- Christophe TROESTLER wrote:
> On Sun, 17 Aug 2008 12:59:11 +0100, Jon Harrop wrote:

...

>> The problem is that you must avoid using the built-in polymorphic functions

>> (e.g. =, compare and hash) on non-trivial data structures because they

>> silently break, either causing corruption or generating run-time type errors.

>

> To be more precise: the polymorphic comparison raises the

> Invalid_argument exception on abstract and functional values:

>

> # let f x = x + 1;;

Good to have these examples. Makes Jon's

explanations much clearer.

>

Ok, this is clear. Although in my case I do not compare on the

>> (...) I made the mistake of using a polymorphic expr type (just as

>> you are) only to develop it by placing functions and sets inside

>> exprs. Then the = and hash functions (...)

>

> To clarify for Hmf, applying = to sets will not raise exceptions

> (provided their content supports = ) but the equality will be weaker

> than the equality of sets (i.e. if [s1 = s2] then [Set.equal s1 s2]

> but not necessarily the other way around because = is the equality of

> the internal representation of sets). If you have a polymorphic

> type, you indeed better provide a "compare" function (parametrized by

> an ordered content module if comparison depends on the contents --

> look at Set.Make for an example).

>

polymorphic 'a. Explained later.

>> I had been using would raise run-time type errors at random moments

Sure, if you use them often. I guess I should reconsider their

>> and I was unable to fix the program without a complete rewrite.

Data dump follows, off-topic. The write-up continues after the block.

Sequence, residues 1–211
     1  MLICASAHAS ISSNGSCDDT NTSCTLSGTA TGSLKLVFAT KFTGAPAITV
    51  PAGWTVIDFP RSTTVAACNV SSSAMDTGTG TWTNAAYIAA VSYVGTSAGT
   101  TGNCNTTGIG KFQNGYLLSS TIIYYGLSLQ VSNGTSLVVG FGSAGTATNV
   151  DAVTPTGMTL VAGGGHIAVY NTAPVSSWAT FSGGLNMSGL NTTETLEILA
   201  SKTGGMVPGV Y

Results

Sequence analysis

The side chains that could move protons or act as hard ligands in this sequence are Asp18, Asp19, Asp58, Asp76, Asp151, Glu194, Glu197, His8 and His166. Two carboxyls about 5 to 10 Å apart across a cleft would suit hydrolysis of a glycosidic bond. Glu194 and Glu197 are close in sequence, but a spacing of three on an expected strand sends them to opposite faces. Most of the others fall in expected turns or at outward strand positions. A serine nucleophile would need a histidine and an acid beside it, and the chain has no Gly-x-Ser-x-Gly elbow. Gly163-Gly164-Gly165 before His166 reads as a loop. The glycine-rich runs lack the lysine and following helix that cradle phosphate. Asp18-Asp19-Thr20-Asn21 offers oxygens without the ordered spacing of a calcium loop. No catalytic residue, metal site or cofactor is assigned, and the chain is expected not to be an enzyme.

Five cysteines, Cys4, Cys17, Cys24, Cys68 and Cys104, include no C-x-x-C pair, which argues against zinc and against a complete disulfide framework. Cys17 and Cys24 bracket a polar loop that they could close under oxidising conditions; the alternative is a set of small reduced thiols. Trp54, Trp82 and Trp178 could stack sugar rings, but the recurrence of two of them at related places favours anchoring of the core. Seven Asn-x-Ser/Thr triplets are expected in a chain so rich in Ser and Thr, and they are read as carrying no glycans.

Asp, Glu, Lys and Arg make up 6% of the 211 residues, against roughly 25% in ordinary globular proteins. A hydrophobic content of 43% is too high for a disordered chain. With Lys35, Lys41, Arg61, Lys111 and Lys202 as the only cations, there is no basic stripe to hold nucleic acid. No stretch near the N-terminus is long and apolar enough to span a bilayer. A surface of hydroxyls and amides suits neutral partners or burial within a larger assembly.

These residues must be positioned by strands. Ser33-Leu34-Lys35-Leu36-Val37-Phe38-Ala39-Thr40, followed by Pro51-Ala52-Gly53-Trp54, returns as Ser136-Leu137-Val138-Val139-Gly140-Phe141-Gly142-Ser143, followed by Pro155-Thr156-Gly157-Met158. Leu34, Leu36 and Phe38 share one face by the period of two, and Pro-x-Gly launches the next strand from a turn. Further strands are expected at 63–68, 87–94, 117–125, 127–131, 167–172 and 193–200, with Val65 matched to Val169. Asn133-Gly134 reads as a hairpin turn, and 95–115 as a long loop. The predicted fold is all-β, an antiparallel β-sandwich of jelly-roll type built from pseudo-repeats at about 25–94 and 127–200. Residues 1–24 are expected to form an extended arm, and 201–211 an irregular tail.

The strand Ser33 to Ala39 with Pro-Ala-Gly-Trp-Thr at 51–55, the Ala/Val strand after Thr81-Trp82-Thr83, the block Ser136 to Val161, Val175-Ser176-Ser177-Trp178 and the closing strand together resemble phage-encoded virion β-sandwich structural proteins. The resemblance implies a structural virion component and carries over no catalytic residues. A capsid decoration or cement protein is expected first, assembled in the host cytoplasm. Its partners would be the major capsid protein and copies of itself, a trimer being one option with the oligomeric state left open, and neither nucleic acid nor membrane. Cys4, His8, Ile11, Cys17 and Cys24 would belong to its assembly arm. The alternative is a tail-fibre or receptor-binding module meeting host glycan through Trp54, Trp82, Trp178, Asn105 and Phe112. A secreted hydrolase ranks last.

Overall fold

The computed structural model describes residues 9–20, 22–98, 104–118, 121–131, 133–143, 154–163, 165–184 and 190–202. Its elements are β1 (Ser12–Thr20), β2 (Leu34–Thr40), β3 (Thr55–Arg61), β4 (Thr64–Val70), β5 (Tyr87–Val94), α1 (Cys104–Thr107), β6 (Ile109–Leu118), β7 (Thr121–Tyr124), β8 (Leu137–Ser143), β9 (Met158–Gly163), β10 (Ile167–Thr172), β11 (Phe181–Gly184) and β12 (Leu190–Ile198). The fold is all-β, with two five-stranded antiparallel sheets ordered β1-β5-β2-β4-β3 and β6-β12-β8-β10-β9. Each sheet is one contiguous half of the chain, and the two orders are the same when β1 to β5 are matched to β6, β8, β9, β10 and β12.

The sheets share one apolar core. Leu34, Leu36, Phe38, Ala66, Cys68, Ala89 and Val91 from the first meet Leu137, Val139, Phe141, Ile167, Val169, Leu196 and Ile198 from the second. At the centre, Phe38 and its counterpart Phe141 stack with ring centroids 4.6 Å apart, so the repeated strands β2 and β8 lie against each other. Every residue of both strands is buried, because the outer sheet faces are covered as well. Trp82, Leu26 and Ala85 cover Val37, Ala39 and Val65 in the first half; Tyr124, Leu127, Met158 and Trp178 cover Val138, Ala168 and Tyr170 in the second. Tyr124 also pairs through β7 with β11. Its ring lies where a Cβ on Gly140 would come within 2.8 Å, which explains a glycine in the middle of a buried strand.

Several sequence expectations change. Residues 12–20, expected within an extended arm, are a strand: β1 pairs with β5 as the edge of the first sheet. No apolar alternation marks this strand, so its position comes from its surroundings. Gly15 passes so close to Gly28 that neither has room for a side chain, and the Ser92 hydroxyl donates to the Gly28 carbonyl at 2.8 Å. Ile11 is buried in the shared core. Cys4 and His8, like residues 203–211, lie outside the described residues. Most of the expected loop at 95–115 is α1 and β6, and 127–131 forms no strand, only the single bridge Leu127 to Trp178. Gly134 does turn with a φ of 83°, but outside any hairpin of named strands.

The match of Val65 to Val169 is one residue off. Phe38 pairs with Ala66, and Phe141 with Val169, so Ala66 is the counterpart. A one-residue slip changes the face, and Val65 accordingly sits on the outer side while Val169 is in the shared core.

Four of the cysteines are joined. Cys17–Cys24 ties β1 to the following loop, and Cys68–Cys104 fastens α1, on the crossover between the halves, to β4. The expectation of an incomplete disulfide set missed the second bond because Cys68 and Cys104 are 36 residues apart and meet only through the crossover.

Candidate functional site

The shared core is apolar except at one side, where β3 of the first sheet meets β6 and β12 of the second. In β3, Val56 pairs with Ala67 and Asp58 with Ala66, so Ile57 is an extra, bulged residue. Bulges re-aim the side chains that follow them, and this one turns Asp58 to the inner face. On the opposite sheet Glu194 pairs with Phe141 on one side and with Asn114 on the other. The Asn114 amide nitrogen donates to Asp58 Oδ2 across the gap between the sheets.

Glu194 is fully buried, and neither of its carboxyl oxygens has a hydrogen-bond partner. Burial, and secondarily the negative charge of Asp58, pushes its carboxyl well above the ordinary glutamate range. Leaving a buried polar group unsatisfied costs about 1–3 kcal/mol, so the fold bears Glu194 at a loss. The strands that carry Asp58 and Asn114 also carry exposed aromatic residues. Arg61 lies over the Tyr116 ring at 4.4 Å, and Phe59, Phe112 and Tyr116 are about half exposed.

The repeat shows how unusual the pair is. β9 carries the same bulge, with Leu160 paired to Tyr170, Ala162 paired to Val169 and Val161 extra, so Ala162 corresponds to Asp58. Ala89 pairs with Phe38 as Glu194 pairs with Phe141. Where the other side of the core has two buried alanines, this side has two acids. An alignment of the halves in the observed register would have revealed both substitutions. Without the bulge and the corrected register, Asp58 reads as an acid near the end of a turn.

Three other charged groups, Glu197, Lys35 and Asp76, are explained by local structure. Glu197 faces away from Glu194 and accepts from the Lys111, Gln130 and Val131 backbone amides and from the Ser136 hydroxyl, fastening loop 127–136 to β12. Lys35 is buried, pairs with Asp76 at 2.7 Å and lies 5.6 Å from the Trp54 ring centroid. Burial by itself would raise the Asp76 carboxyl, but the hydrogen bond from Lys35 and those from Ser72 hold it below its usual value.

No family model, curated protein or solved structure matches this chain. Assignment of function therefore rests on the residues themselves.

>

> Well, couldn't you can ask for a stack trace to locate the origin of

> your exception? Or you could have undefined = (and possibly all other

> comparison operators) and let the compiler walks you through all your

> uses of it.

>

>> ...

>>> All that and the fact that the use of modules is not trivial, even for

>>> those well versed in the theory and practice of Ocaml.

>> I think modules are only perceived to be difficult because there is little

>> tutorial information about them.

>

> Hmf, be not intimidated by functors, they are an easy and natural concept!

>

usefulness and take greater advantage of what they have to offer.

...>>> During this processing I need to keep track of the variables. I

Note that I am only looking for variables. In fact I compare

>>> need maps and sets where the id of the variable is used as a

>>> key. However, I want to keep these variable sets irrespective of

>>> the "'a"'s type. hence the question: can I define an ordered type

>>> whose type is polymorphic and use that in a Set or Map.

>

> You cannot even put them into a list! (what would be the type of it?)

variable's ids (other expression types have no ids). Currently I

store only the ids or map an id to a tuple (id,'a expr).

Comparison is on ids only, not on the 'a expr (ordered type of

'a expr, if it were possible, would just use id's of variables and

possibly raise exception on others).

> There are several ways around it depending on what you want to do with

Which is in fact what I do. I only wanted functions that can search,

> these sets:

>

> - use a variant type for 'a (that will allow for AST that mix various